DigitalMedia Ethernet Connectivity
DM-201-C
Transmitter
Blu-ray Player
DM-401-S
Transmitter
DM-RMC-200-C
Receiver
DM-MD8X8
Card-based
Switcher
DM-MD6X6
Switcher
LAN
Projector
DM-RMC-100-C
Receiver
Key
Ethernet
DM Link
The main Ethernet uplink to a DM system occurs at the DM switcher. The following switchers have
10/100/1000BaseT auto-negotiating uplink ports:
• DM-MD6X6, DM-MD6X4, DM-MD8X8, DM-MD16X16, DM-MD32X32, DMPS, DM-MD64X64,
DM-MD128X128
The following switchers have 10BaseT/100BaseTX auto-negotiating uplink ports:
• DM-MD6X1
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IP Considerations Guide for the IT Professional
DigitalMedia IP Configuration
Private Network Mode
Previously every DM card and endpoint in an installation required its own IP address on the corporate network.
In 2012, Crestron introduced Private Network Mode to DM switchers. PNM greatly reduces the number of IP
addresses required for DM installations. Crestron recommends using PNM to manage Ethernet settings for DM
cards and endpoints connected to a DM switcher. Other methods are not recommended. For details on legacy
modes of operation, refer to Crestron Online Help.
PNM is not applicable to standalone installations involving directly-connected DM endpoints with no associated DM
switchers. In these installations each endpoint device needs its own IP address, either configured manually or via
DHCP.
PNM creates a completely private IP network for all DM cards and endpoints that are connected to the DM
switcher, effectively isolating them from the building network. PNM significantly streamlines home and
organizational infrastructures, conserving IP addresses, reducing costs and simplifying system management and
troubleshooting.
The only device that appears on the building network is the DM switcher. The switcher needs just one IP address,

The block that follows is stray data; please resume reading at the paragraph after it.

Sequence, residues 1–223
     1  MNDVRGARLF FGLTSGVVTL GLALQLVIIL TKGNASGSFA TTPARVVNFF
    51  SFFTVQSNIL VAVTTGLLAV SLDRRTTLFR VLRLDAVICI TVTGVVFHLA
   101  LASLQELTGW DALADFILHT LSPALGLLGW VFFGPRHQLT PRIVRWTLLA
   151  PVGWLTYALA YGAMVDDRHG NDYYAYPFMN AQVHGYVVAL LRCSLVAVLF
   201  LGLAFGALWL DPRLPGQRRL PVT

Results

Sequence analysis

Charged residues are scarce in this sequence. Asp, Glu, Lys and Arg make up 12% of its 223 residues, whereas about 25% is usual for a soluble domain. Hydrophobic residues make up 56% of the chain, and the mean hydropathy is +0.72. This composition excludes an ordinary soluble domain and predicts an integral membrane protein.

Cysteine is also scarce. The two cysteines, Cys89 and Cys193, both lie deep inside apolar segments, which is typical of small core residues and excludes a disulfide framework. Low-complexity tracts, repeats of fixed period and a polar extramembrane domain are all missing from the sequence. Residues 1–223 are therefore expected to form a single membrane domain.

which can either be set statically or assigned via the building’s DHCP server. In this mode, none of the cards
or endpoints are directly reachable via the network of the building; instead communication to these devices is
managed through the main DM switcher. The devices connected to the LAN ports found on many DM endpoints
remain visible to the network. Refer to the “Private Network Mode with Auxiliary Devices” on page 11 for an
illustration.
The main DM switcher CPU is the only device connected to both networks. That CPU may receive an instruction on
the public network such as from a Crestron control system and create a new instruction for a device on the private
network (DM card, blade or endpoint). At no time does an Ethernet packet from the public network traverse to the
private network and no private Ethernet packets may traverse to the public network.
For most installations, using PNM is the best practice because it does not heavily impact the network in a
corporate- or university-type setting. It also isolates traffic that is related to DM.
NOTES:
• PNM is enabled by default on all new units and is enabled upon system restore. PNM is only available in
PUF 2.40 (firmware package update file) or later.
• DMPS units require two IP addresses. The integrated control processor requires its own IP address, and
the integrated DM equipment (switcher, all endpoints) requires one more.
• If an endpoint is connected to a DM switcher its LAN connector must not be connected to the corporate
network. In this configuration these ports are only for connection to devices such as laptops, Blu-ray
players or projectors.
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Private Network Mode Configuration Options
PNM ON/OFF
PNM ON
PNM ON
PNM OFF
Mode
Static
DHCP
Static and DHCP
Comments
Assign 1 IP address to the main DM switcher
Takes 1 IP address from the DHCP server
• Can be in Static or DHCP mode
• Requires many IP addresses
• This method is not recommended by Crestron for most installations
Private Network Mode with Auxiliary Devices
DM-MD8X8
Inputs
10.0.0.151
DM-TX-100
PNM IP
DMC-CAT
DM-TX-201-C
DMC-C
PNM IP
PNM IP
2
DM-TX-201-S
DMC-S
3
DMC-HD
4
PNM IP
PNM IP
PNM IP
Devices attached to
Ethernet ports on DM
endpoints are connected
to the building network.
In this example, this
laptop receives an IP
address from the DHCP
server below.
1
DMC-DVI
5
DMC-VID-RCA-D
6
DMC-F
7
DMC-SDI
8
PNM IP
DM-TX-100-F
PNM IP
PNM IP
Outputs
1
DM-RMC-100
2
DM-RMC-100
PNM IP
DMCO-23
PNM IP
3
10.0.0.181
4
5
DM-RMC-100-S
6
DM-RMC-200-S
PNM IP
DMCO-45
7
(2) PNM IPs
PNM IP
DM-RMC-100-C
PNM IP
DM-RMC-200-C
8
PNM IP
10.0.0.187
10.0.0.10
LAN
DHCP Server
10.0.0.1
NOTES:
• DHCP distributed IP addresses have been chosen at random to illustrate that devices attached to DM
endpoints are connected to the building LAN.
• The devices enclosed by the gray box sit behind the one IP address assigned to the DM-MD8X8.
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Multiple DigitalMedia Switchers using Private Network Mode
When two or more switchers are connected by way of DM links, they are considered cascaded. Each DM switcher